By Tim Conder
Geoff Holscaw, Andrea Summers, Mike King, Rick Bennett, Laci Scott, and I have been working to lead Emergent's effort to develop regional learning communities and local gatherings that we call "cohorts."
We are enthusiastic and optimistic about the "localization" and "regionalization" of Emergent. Local conversations provide unique support, intimate knowledge of a ministry context, and relational learning opportunities that can be gifts for ministry leaders and spiritual travelers in a specific location. Regional communities offer opportunties for collaboration that might be too resource intensive for local communities. Each day we are hearing of new cohorts developing. We apologize as well that many have written looking for a local community only to find that one does not exist in their area. A common question we receive from those living in areas without a group concerns how to start a cohort.
There is no blueprint or template for doing so. I'll share a bit of our experiences in starting a new community ("Ekklesia") in the Raleigh-Durham-Chapel Hill area of North Carolina. We started with just a handful of friends (about 5) who were interested in discussing issues related to the emerging church. In our case, the original core were pastors and church planters who connected through national events like the Emergent Convention and Soularize. As we have started to grow, we have been intentional about searching our community for ministries that have emergent interests and inviting their leaders and participants to attend Ekklesia. As our group has started to grow just a bit, we have resisted the urge to be overly programmatic — "to do something together to legitimize our existence." Our initial focus has been relational and dialogical explorations. Since we didn't know each other at all, we often focus on the narrative of a specifc community in our monthly gatherings. We also have committed to learn and read together since this small group allows for comfortable dialogue and discussion. We began with Brian McLaren's "Generous Orthodoxy" as a common text. Even in our neophyte stage, many easy collaborations have occurred. Several of us have spoken at each other's ministry gatherings. Two of the communities in our original core are sharing space. Relationships are forming quickly that are becoming the basis of a thriving community.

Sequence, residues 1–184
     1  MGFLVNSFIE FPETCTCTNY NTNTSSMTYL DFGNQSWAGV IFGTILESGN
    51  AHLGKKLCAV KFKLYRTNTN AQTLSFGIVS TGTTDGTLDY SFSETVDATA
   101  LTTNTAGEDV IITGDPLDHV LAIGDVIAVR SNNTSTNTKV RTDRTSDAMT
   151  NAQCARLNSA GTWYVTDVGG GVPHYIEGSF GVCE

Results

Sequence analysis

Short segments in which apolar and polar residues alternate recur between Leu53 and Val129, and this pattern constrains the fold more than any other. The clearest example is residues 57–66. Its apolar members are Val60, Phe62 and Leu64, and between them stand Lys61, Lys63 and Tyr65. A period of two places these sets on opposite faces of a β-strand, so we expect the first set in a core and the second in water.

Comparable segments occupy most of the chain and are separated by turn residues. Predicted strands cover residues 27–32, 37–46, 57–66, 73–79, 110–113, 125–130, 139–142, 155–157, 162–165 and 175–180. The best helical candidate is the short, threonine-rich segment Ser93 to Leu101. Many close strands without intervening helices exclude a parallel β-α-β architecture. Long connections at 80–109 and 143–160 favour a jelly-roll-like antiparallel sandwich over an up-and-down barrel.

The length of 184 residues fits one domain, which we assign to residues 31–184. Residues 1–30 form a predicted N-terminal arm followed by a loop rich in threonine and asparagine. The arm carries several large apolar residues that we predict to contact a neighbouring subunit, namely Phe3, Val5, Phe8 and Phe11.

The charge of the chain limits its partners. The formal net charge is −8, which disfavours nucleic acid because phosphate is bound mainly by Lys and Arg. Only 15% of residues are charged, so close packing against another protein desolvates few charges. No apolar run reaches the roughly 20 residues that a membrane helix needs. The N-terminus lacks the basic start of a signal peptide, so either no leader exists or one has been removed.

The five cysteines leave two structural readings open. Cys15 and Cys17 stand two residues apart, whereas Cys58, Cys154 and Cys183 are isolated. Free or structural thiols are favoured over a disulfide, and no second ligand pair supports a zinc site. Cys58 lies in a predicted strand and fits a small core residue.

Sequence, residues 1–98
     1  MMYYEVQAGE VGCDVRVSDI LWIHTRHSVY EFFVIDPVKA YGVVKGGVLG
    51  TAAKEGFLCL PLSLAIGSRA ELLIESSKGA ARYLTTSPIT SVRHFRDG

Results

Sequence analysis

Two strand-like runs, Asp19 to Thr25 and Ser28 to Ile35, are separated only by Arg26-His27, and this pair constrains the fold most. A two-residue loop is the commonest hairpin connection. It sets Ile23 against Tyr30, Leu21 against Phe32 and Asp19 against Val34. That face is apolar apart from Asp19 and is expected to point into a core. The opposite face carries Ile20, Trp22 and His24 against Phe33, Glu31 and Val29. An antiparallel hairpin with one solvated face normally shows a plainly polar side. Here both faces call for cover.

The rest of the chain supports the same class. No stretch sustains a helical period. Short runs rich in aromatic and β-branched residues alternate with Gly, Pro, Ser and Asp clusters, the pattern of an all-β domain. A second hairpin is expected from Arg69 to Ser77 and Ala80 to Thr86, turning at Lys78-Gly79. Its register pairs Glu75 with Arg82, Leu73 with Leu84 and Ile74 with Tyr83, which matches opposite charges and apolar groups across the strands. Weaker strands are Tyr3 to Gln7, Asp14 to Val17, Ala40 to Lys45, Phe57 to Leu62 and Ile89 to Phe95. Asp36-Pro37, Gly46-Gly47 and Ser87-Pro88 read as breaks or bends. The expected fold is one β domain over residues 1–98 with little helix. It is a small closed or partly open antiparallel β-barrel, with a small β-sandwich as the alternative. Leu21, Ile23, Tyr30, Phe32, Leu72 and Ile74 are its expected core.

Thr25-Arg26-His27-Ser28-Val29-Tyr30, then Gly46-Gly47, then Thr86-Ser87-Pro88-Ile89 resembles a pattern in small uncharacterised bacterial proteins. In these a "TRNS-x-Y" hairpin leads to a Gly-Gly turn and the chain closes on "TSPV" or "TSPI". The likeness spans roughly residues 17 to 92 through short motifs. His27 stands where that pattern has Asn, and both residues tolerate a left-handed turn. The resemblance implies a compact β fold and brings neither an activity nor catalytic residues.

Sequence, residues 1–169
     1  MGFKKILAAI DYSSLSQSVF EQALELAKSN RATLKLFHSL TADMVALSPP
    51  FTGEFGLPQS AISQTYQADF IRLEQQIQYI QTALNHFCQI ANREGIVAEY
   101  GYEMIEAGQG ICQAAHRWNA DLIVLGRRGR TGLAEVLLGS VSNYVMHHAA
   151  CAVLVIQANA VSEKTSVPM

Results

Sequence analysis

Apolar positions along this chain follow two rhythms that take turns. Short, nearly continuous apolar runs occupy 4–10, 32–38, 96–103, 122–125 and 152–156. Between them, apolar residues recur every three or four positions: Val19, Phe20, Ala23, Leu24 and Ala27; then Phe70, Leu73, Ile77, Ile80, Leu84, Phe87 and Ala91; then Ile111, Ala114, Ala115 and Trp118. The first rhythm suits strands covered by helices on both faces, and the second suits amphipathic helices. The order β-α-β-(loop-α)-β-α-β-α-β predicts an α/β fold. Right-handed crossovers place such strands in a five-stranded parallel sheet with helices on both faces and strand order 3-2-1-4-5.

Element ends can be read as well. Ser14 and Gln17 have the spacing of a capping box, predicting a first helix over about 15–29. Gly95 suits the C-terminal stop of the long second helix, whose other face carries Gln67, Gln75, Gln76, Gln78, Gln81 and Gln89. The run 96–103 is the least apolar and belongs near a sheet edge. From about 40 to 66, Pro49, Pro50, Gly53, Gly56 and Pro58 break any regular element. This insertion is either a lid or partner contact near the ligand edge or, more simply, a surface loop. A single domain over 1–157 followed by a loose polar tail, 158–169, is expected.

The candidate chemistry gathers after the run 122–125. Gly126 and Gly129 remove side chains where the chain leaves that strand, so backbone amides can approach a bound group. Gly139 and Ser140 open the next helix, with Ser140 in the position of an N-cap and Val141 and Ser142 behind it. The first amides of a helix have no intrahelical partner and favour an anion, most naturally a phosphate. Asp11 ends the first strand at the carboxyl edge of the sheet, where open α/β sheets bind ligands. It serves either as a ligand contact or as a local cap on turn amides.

This last year in San Diego at the Emergent/YS Convention, I had the privilege of connecting three folks in our cohort with Tim Keel, Mike King, and Ivy Beckwith who have all been very involved with Emergent on a national level. It was a delight to watch Tim Keel, a generous and gifted church planter, share his experiences with my friends from Raleigh. As a new church planter myself and in a cohort with several other beginning church planters, we have little experience to pool on the subject in our local gatherings. These kind of local/national relationships are part of Emergent's dream in developing local conversations. We hope that Emergent will be deeply effected by and responsive to the transitions of the church, innovations, and creative movement's of God's Spirit on the local level.
We're just starting out in Raleigh-Durham with our group. I'm sure there will be challenges and frustrations ahead. And certainly I understand that just finding a few interested folks in some communities may be difficult. But, this experience of community, learning, and collaboration has been a exciting and fruitful journey in our context.